How far would you go to gain acceptance from your peers? Nina Ljeti’s Divine Children draws us into a post-apocalyptic America, where the only valuable thing beneath a horizon of unspoken danger is hope itself. The film invites us to consider the limits of human courage in a world populated by teenage characters living on the outskirts of a demolished society. Will aspiring dancer, Buzz, be able to endure the ultimate game of chicken and cross an active minefield to become part of his gang?
Despite the film’s elliptical storytelling, or maybe because of it, Nina Ljeti manages to create a beautiful but uncomfortable universe for her characters and viewers to explore. By only vaguely brushing upon motivations, and largely ignoring exposition, the immediacy of the film’s emotions and images take center stage. The undisclosed circumstances of this post-apocalyptical world can be as frustrating as they are liberating, but one doesn’t have to know how these teenagers got here or what danger lurks in the distance in order to be swept away by the fabulous atmosphere that Ljeti crafts.
The feeling of constant threat could be seen as a metaphor for the anxiety in our own contemporary world, constantly looming in the near distance to set off an emotional or physical over-reaction without any explainable reason. On the other hand, it may be more simple than that, and Ljeti deliberately chose to withhold much of the background information in the film, trusting the audience to fill in the gaps and linger in her strong and confident world building. Reflecting on the motivation behind the story, Nina Ljeti’s inspiration for Divine Children in fact came from a very real and personal place:
The film was inspired, in part, by what life was like for kids in the aftermath of the Bosnian War. I was born there in 1991, and in 1992, the civil war broke out. [I was] fortunate enough that my father anticipated the war, and we managed to make it to Canada before it was too late. I wanted to write a story about the kids who weren’t so fortunate. Kids that grew up in a volatile political environment and were denied basic freedoms and opportunities, but still had the imagination and optimism to dream of a better future. [… ] I decided to move the setting of our story to America– where the sociopolitical atmosphere suddenly didn’t seem so different to how Bosnia was on the eve of the war. However, the characters stayed the same. The themes of hope and innocence never shifted.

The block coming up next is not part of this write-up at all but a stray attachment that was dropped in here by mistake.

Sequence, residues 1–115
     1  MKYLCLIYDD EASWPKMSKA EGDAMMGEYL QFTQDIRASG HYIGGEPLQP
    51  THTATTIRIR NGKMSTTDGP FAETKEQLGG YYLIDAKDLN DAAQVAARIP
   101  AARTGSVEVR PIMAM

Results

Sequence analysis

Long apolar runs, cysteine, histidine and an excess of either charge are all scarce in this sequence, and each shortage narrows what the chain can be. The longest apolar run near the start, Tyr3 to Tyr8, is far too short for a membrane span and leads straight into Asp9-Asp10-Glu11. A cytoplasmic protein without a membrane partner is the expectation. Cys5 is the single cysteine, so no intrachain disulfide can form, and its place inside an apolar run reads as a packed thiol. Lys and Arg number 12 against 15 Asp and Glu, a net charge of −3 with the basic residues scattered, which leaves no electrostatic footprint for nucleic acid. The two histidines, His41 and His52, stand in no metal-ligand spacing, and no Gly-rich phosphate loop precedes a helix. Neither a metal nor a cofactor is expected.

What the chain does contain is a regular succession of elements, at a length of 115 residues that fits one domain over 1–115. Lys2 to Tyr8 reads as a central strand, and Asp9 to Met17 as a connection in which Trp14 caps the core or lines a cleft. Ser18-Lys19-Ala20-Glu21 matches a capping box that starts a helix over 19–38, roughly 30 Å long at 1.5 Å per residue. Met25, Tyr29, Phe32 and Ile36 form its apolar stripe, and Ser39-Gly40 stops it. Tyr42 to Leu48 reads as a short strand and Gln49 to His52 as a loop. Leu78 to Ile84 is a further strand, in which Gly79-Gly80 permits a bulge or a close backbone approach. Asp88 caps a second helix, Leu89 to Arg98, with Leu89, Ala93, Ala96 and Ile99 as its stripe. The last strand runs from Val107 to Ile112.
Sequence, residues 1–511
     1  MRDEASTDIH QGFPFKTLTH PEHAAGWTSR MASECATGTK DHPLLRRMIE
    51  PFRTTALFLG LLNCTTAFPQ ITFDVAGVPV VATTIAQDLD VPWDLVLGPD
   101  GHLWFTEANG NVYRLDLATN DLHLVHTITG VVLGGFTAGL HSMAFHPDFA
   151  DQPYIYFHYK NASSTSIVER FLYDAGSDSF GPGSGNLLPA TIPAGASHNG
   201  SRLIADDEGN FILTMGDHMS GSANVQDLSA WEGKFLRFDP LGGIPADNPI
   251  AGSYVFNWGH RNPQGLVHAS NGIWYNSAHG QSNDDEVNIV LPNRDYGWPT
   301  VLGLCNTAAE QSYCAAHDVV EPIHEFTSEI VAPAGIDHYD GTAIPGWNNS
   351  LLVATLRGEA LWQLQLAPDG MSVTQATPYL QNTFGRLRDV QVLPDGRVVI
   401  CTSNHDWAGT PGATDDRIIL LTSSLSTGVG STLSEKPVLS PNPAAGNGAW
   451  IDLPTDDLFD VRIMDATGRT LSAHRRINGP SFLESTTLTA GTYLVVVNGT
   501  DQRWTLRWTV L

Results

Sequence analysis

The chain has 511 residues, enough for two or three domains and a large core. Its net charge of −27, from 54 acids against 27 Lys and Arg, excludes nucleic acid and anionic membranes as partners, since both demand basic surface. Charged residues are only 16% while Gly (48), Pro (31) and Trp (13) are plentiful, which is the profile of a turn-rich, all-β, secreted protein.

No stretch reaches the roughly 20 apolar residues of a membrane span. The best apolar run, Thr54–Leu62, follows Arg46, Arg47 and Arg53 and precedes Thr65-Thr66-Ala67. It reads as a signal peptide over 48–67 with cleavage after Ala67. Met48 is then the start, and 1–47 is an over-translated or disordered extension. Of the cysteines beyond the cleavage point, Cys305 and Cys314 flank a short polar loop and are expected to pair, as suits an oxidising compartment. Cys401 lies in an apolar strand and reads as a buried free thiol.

The film’s open-ending and truncated narrative makes it in many ways equivalent to proof-of-concept sci-fi short films, and Divine Children has the potential to serve as a cornerstone for a larger story set among this dystopian society where adults seemingly have been eliminated and a modern version of Lord of the Flies has been implemented. Divine Children indeed was conceptualized as a blueprint for a feature and the film team hopes to attract additional producers and investors for the longer version with the online release of the short.
It’s to the director’s credit that the short also works in its own right however. Ljeti’s departures from conventional storytelling never feel like a trick or an experiment, but a deliberate choice to forego a classic plotting in order to dwell in a filmmaking style that leans more on mood than plot.
Aside from Divine Children, Nina Ljeti already has a lot to show for her talents as a filmmaker: a graduate of NYU’s Tisch School of the Arts, in 2013 she wrote and directed her first feature film, Memoria, starring James Franco and Thomas Mann (Me, Earl and the Dying Girl), and was listed in MovieMaker Magazine as one of 25 Screenwriters To Watch in 2016. She also acted in films such as About Cherry, The Color of Time and Child of God, before quitting acting entirely to become a film director in order to gain “more control over [her] art.“ Ljeti is currently in post-production on her first documentary film entitled, Bosnia, My Love, about her family’s escape from the war.
Coming back to Divine Children, on a lighter note, I couldn’t help but think of a post-credits sequence from an episode of Rick and Morty, where an alien describes his experiences on earth: “There was violence, threats of poison gas — but also dancing.”
We never get to know what causes the distress and lingering threat in the short, but as long as the characters find rare instances of camaraderie or make some room to dance — as long as they have hope — they will live to see another day. It is hope that makes humankind endure even the worst circumstances and persevere.